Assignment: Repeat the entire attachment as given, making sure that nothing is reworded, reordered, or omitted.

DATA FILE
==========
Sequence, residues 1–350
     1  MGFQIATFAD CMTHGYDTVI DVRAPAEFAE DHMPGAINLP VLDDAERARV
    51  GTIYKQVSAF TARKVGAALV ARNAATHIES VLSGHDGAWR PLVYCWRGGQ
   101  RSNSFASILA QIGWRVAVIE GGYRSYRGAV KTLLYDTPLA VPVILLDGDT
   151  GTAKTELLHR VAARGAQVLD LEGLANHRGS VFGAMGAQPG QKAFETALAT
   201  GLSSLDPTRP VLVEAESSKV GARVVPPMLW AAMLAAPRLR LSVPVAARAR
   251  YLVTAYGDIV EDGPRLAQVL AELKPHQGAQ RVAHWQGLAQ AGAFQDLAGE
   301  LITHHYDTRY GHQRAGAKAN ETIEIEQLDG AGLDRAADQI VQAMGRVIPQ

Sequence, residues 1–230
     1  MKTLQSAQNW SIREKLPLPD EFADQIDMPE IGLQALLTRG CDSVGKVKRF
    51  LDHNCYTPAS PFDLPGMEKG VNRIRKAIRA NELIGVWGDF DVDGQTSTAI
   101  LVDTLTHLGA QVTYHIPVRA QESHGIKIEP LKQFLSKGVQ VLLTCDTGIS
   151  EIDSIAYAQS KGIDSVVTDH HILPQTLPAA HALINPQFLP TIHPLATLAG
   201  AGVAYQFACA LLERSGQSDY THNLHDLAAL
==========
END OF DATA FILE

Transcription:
Sequence, residues 1–350
     1  MGFQIATFAD CMTHGYDTVI DVRAPAEFAE DHMPGAINLP VLDDAERARV
    51  GTIYKQVSAF TARKVGAALV ARNAATHIES VLSGHDGAWR PLVYCWRGGQ
   101  RSNSFASILA QIGWRVAVIE GGYRSYRGAV KTLLYDTPLA VPVILLDGDT
   151  GTAKTELLHR VAARGAQVLD LEGLANHRGS VFGAMGAQPG QKAFETALAT
   201  GLSSLDPTRP VLVEAESSKV GARVVPPMLW AAMLAAPRLR LSVPVAARAR
   251  YLVTAYGDIV EDGPRLAQVL AELKPHQGAQ RVAHWQGLAQ AGAFQDLAGE
   301  LITHHYDTRY GHQRAGAKAN ETIEIEQLDG AGLDRAADQI VQAMGRVIPQ

Sequence, residues 1–230
     1  MKTLQSAQNW SIREKLPLPD EFADQIDMPE IGLQALLTRG CDSVGKVKRF
    51  LDHNCYTPAS PFDLPGMEKG VNRIRKAIRA NELIGVWGDF DVDGQTSTAI
   101  LVDTLTHLGA QVTYHIPVRA QESHGIKIEP LKQFLSKGVQ VLLTCDTGIS
   151  EIDSIAYAQS KGIDSVVTDH HILPQTLPAA HALINPQFLP TIHPLATLAG
   201  AGVAYQFACA LLERSGQSDY THNLHDLAAL